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When a church is affiliated with or runs a hospital, they are justified in having a say in how the institution is run. This principle is not only supported by basic religious freedom, but also by the fact that private organizations should have as much freedom as possible in deciding how they will operate.

But the situation just isn't the simple. The fact of the matter is, all hospitals - including Catholic hospitals - receive public funding. This occurs not only through the obvious Medicare and Medicaid payments, but even through the use of public bonding authorities to fund things like construction and improvement programs. This means that we taxpayers are financing religious restrictions on our own health care services. All of us - Catholic and non-Catholic - are paying to have Vatican doctrines deny things like voluntary sterilization, HIV prevention counseling and even simple referrals for birth control.

How is it possible for religious organizations to receive public funding and then deny legal health services to the public? Because Congress has granted them exceptions - starting with a "conscience clause" enacted in 1973 which permitted health-care organizations to refuse to provide certain services like abortion or sterilization if those services violated religious or moral convictions.

Although the original exceptions were limited to specific services like abortion, intense lobbying by religious organizations - particularly Catholic groups - is causing the exception to be broadened to include "any health service about which an ethical, religious or moral objection is raised." This is why even counseling about legal services is banned; as a consequence, people may not even find out what legal options they have. The Catholic Church has not been able to prevent certain options from becoming legal, but it is working hard to make sure that citizens don't become aware of what those legal options really are. Keeping the people ignorant is always one of the first and most effective steps on the path towards repression.

But wait, it gets worse. In 1997 Congress permitted Medicaid managed plans (which are publicly funded) to refuse to "provide, reimburse for, or provide coverage of a counseling or referral service if the organization objects to the provision of such service on moral or religious grounds." What does this mean? It means that if your health insurance is through a Medicaid plan managed by a religious group, you will no longer receive coverage for anything they don't like - even though the services are legal and funding comes from the public.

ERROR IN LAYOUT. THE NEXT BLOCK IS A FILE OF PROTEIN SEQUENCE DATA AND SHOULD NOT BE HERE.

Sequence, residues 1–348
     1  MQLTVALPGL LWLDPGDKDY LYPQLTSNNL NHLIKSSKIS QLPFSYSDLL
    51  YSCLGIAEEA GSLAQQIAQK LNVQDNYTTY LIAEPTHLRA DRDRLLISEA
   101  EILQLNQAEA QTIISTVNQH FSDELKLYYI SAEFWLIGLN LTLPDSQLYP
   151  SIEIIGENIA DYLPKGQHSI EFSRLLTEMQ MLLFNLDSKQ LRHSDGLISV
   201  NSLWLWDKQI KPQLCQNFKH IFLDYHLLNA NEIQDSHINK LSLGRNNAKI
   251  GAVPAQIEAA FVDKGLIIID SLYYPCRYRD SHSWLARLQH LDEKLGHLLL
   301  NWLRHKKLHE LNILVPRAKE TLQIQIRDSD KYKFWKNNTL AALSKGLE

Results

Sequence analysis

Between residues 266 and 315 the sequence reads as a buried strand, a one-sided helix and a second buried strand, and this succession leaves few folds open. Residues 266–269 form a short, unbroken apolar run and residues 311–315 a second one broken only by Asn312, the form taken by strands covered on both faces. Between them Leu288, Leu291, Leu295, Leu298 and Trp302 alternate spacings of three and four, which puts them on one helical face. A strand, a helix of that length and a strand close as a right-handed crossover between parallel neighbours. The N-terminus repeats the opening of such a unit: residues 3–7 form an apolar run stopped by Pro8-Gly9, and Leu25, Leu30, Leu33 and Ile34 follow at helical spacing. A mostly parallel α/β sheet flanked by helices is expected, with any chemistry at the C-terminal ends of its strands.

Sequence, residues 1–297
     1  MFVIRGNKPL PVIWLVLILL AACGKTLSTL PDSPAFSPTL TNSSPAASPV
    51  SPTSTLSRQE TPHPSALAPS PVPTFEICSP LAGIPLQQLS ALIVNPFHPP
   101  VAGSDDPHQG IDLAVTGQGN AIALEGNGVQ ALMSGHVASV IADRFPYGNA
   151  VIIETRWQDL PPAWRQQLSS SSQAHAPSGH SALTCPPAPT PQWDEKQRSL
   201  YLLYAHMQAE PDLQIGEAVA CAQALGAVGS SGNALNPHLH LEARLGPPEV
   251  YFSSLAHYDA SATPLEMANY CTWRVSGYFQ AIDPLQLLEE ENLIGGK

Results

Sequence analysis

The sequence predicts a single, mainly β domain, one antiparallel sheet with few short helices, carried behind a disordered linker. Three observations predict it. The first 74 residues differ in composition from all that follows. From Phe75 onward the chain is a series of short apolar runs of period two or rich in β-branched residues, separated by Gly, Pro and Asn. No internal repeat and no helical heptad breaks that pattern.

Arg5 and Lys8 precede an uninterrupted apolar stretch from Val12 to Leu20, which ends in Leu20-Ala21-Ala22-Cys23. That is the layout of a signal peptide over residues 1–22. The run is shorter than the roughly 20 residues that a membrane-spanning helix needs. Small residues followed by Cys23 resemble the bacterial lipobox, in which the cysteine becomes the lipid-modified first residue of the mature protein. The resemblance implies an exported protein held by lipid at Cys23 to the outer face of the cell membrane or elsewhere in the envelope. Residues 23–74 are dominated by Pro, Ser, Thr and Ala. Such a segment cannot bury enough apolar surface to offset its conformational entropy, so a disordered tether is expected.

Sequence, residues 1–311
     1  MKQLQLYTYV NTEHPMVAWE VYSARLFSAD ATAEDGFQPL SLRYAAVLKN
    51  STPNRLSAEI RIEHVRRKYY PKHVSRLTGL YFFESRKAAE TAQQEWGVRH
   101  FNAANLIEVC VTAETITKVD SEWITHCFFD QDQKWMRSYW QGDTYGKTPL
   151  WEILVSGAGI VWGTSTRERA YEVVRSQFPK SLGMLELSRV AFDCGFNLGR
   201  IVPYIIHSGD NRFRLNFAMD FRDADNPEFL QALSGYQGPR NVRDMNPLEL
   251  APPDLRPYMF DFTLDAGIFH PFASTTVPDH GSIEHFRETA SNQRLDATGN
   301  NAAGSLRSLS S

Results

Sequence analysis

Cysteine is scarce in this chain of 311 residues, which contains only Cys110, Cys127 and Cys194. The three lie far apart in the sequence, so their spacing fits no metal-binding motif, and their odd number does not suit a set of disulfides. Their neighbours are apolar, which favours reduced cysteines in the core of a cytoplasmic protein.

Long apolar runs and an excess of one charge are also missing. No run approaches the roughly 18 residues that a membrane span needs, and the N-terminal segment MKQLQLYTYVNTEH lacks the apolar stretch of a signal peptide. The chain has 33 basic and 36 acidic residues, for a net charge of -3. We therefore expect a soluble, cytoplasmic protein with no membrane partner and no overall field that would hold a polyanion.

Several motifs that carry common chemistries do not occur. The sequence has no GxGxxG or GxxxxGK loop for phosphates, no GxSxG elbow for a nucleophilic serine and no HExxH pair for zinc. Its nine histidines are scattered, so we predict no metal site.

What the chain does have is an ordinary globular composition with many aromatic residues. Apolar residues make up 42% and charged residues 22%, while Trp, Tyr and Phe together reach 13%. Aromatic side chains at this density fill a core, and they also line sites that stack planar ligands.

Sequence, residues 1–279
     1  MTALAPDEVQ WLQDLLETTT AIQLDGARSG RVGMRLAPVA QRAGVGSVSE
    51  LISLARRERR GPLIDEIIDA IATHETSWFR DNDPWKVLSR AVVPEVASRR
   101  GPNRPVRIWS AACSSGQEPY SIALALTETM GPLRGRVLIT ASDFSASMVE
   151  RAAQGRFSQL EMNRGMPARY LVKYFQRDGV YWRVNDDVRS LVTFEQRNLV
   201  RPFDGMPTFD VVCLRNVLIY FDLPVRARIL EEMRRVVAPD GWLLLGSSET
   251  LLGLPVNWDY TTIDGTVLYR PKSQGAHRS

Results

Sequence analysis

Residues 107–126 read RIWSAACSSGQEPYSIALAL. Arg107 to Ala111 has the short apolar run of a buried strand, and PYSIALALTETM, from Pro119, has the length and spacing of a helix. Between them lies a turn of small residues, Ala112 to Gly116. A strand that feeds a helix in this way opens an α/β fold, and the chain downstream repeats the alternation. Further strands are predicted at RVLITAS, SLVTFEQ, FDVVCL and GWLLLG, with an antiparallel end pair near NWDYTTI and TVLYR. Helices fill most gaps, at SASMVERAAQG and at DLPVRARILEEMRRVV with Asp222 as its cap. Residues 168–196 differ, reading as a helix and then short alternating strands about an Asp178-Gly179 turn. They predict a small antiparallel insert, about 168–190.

Has this happened? You bet it has - Fidelis Care, a Catholic Medicaid managed care program which is the sixth largest in New York City, has already taken advantage of this. They have 26,000 enrollees, mostly poor women, and they refuse to cover abortions, sterilizations, birth control, or even basic counseling for such services. These women now have to pay extra money to go "out of network" to find doctors or clinics to provide the legally available health care financed by the public.


Implications

It is not off-topic to point out that all of this carries great significance for the "public/private" partnerships which some politicians wish to create between the government and religious institutions. Some want religious groups to begin administering things like welfare, job education, counseling, and other government services. They say that this will make things cheaper and improve service because of the extra advantages brought by faith-based groups.

Sometimes, religious organizations even try to force actual government programs to abide by their religious edicts. In St. Petersburg, Florida, the city government attempted to lease space from the Catholic Diocese for a new community social service center. The purpose of Safe Haven, as it was to be called, was to refer poor citizens to other government and social services. Unfortunately, the lease stipulated that no referrals could be made for services which violated Roman Catholic doctrines. And editorial in the St. Petersburg Times observed:

It is not far-fetched to imagine that Safe Haven staff might be called upon to refer clients to Planned Parenthood for birth control information, including abortion services. ...Will information on safe sex have to be limited to a discussion of abstinence?

This substitution of sectarian authority for secular government couldn't be construed as anything but a violation of the separation of church and state. It is totally unacceptable for a church to tell government employees what they may and may not discuss with citizens who come to the government for advice and assistance. But that is exactly what certain church leaders - particularly Catholic Church leaders - would like to see happen.

Using the example of religious hospitals "partnering" with the government to provide health services, what are those "advantages?" Secrecy and limitations on people's legal choices. If religious organizations like the Catholic Church are permitted to administer publicly funded welfare services or substance-abuse counseling the same way they are currently permitted to administer publicly funded health care services, we can expect matters to get much worse.

We face even greater restrictions on our lives - restrictions which are not legally based but instead are based upon the doctrines of far-off religious leaders. Even political leaders have admitted that such schemes could well result in government-financed, religious-based discrimination. They don't bat an eye when they tell us that we may end up paying for bigotry at institutions like Bob Jones University! Because of this we need to draw the line where it is already happening before it gets worse and moves into other sectors of society.


Keep reading: Effects on Doctors.

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